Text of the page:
At block 1006, the routine 1000 receives a home valuation request form or home inquiry request form from a homeowner. For example, in the illustrated embodiment of FIG. 1, the client computer 102, via the browser 104, may retrieve a display description, e.g., a web page information request form from the web page manager component 122 of the intermediary facility 108. An example of such a request form is shown with respect to FIG. 11 (and also with respect to FIG. 4E), and may be displayed after a user selects a home using an enhanced aerial imagery map. A request form 1100 includes fields to be filled in by the homeowner (or future home buyer), some of which include drop-down entries or buttons to permit the user to select one of several options. As shown, the request form 1100 may include contact information 1102 for the homeowner (or future home buyer) (e.g., property's address; property's zip code; neighborhood name; homeowner's/buyer's name; homeowner's/buyer's address, including city, state, and zip code; home phone; work phone; email address, etc.) and property information 1104 (e.g., type of property; style of home; approximate year built; number of bedrooms; number of full bathrooms; number of half bathrooms; number of fireplaces; square footage; parking spaces; list of recent improvements; primary/rental home; rating of overall condition; when the homeowner plans to sell; where the homeowner is moving; whether the home is currently listed with an agent; how the homeowner heard about the existence of the web site listing this form; whether the homeowner would like to receive a newsletter, etc.). After the homeowner/future home buyer has filled out the fields in the request form 1100, the homeowner selects a submit query button 1106 to send the completed form from the client computer 102 to the intermediary facility 108, via the Web 106.

While not shown, the request form 1100 may also include other features such as a mortgage calculator, a moving calculator, an insurance professor, a library, a relocation wizard, etc. For example, the mortgage calculator determines home buying power from the point of view of a lender by analyzing a broad spectrum of financial and mortgage scenarios. The moving calculator estimates high and low estimates of moving costs for local and long-distance relocations. The insurance professor compares insurance rates in a number of cities for a variety of insurance carriers. The library includes various articles or other data relevant to a homeowner who is interested in selling a home. The relocation wizard provides a personalized and detailed relocation time line that helps homeowners get and stay organized before and during a move. Other features (not shown) may include a home seller tips section, which provides tips on helping a homeowner sell a home. These and other features are known to those skilled in the relevant art and need not be described in further detail herein.

At block 1006, the routine 1000 adds the data in the received request form 1100 to the appropriate database (e.g., the user database 120 of FIGS. 1 and 3). At block 1008, the routine 1000 identifies a selected agent in the appropriate database. For example, with respect to the components of FIG. 1, the database manager component 124, together with the lead generation server 118, queries the user database 120 for the record having an assigned zip code field with a zip code that matches a zip code field in the received request form 1100. Other mappings (besides zip code mappings) may be possible.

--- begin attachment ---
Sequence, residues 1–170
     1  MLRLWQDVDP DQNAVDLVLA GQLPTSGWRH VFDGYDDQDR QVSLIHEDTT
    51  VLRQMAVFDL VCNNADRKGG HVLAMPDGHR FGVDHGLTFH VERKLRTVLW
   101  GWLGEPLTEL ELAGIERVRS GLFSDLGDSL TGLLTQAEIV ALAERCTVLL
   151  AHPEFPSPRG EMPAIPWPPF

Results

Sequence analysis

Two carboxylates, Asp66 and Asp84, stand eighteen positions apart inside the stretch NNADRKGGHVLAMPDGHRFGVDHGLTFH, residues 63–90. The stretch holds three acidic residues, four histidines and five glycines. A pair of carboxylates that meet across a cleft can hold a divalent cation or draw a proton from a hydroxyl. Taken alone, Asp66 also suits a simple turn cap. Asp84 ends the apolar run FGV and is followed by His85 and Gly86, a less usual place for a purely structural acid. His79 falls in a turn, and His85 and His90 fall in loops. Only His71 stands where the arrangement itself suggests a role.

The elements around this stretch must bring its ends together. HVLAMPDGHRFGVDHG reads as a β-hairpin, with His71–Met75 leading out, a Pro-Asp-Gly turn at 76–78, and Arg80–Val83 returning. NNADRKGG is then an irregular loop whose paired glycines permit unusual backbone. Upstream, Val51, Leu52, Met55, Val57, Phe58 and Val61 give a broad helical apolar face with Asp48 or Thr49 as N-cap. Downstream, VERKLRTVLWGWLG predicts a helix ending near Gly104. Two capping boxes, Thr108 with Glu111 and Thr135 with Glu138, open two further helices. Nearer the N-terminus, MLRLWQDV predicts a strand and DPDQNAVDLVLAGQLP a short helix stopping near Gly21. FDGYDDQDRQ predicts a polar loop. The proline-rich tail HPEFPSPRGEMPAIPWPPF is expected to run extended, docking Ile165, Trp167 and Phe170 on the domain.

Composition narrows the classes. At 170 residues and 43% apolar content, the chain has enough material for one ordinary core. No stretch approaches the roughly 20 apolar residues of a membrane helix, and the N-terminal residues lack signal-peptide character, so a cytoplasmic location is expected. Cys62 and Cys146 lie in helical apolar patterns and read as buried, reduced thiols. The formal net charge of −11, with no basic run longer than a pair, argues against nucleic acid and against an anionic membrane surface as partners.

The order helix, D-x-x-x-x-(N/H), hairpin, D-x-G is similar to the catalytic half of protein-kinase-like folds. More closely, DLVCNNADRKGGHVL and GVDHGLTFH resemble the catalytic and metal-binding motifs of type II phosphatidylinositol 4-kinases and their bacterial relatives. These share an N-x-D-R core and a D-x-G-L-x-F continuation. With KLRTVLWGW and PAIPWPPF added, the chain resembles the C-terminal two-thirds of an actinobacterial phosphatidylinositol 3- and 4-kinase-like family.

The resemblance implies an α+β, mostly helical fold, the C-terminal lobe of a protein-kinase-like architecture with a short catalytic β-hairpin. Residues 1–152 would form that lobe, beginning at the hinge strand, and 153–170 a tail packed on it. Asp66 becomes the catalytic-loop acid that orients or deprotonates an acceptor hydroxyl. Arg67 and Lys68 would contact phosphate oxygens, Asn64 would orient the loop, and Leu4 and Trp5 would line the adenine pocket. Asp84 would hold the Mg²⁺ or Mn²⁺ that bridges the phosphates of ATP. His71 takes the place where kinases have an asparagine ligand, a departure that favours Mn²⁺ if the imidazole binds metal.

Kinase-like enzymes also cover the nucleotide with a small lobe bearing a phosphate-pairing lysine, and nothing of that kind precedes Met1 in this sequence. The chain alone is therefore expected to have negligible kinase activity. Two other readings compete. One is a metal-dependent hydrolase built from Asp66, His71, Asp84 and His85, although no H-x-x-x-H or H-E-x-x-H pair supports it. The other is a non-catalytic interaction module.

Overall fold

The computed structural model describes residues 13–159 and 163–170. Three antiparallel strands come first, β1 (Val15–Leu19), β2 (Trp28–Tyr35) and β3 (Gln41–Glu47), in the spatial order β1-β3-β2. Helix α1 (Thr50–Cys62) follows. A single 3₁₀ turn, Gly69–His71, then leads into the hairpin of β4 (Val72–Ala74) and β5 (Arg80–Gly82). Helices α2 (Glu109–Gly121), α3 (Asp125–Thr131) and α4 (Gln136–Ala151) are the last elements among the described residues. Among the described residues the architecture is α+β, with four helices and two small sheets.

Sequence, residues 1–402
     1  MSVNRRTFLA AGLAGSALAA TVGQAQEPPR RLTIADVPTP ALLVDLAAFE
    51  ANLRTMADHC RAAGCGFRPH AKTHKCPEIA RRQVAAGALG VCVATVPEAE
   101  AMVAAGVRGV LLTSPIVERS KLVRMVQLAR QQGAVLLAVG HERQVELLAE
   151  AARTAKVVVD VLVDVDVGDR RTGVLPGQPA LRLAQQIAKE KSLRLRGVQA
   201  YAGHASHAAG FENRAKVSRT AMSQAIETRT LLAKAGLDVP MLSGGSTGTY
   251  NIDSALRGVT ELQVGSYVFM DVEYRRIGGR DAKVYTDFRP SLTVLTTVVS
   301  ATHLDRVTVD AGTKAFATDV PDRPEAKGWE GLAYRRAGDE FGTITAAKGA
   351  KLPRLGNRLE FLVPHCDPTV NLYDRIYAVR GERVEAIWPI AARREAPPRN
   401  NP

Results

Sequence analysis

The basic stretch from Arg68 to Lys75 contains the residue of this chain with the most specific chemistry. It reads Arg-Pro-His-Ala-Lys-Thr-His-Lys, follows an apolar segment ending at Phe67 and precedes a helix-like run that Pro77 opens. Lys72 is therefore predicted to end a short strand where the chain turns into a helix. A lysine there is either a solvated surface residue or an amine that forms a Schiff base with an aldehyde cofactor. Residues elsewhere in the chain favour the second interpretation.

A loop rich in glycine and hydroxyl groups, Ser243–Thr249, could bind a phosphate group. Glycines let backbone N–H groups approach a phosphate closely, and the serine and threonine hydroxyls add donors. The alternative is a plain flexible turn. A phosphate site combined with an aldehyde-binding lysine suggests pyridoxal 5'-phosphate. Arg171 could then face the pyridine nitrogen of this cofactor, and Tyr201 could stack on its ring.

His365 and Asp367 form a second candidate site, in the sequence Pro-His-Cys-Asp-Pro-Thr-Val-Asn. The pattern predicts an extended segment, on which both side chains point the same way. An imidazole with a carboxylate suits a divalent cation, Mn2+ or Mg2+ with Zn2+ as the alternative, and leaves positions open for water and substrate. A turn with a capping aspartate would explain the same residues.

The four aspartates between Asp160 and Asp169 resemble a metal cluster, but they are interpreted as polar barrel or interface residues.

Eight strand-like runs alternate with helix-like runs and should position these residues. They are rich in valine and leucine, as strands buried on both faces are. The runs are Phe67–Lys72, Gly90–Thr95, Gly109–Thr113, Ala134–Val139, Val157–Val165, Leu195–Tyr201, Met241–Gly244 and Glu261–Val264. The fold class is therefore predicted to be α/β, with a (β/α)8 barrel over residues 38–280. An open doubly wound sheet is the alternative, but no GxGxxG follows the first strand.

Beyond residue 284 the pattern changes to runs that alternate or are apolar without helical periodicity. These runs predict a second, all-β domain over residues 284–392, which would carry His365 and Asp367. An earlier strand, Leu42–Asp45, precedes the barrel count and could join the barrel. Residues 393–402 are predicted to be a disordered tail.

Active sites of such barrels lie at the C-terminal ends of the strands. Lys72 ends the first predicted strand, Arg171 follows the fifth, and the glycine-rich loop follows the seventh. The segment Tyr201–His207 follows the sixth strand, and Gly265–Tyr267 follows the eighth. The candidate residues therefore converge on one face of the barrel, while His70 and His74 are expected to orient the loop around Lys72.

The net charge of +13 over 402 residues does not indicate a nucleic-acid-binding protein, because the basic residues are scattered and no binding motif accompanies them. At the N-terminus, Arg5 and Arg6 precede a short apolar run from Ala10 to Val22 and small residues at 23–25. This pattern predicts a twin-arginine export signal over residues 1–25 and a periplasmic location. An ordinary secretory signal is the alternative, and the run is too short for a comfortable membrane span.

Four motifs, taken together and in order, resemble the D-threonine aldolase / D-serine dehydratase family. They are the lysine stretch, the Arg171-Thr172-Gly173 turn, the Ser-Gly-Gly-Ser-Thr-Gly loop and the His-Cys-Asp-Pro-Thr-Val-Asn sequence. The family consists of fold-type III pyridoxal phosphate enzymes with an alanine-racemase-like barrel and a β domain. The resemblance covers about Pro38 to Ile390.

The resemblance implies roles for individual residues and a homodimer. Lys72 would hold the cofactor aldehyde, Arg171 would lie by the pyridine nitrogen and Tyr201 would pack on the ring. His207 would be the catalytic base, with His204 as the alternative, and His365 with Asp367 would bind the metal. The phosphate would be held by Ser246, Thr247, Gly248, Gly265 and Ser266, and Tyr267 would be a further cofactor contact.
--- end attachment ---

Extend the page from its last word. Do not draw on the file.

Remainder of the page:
At block 1008, the routine 1000 provides a reply to the homeowner/future home buyer who submitted the request form 1100. For example, with respect to the components of FIG. 1, the notification process 128 may send a thank you email message to a homeowner based on the email field in the request form 1100. The email message may acknowledge receipt of the request form 1100 and thank the homeowner for submitting such a request, as well as provide additional information such as when he or she may expect to receive a response.

At block 1010, the routine 1000 forwards the request form 1100 to the identified agent and notifies the identified agent. For example, with respect to the components of FIG. 1, the notification process 128 of the intermediary facility 108 may automatically create an email message or other notification for the agent computer 112 of the identified agent, and send such message over the Web 106. In some embodiments, the notification process 128 provides not only email notification to the identified real estate professional, but also notification messages via wireless communication devices. For example, under such an embodiment, the notification process 128 provides a notification message to a telecommunications interface. The telecommunications interface, in turn, provides a notification message to a cellular phone (e.g., in the form of a prerecorded audio message), or to a pager (e.g., in the form of an alphanumeric text message). The prerecorded audio message and/or alphanumeric text message inform the identified real estate professional that he or she has a pending request from a homeowner for a comparable market analysis (“CMA”).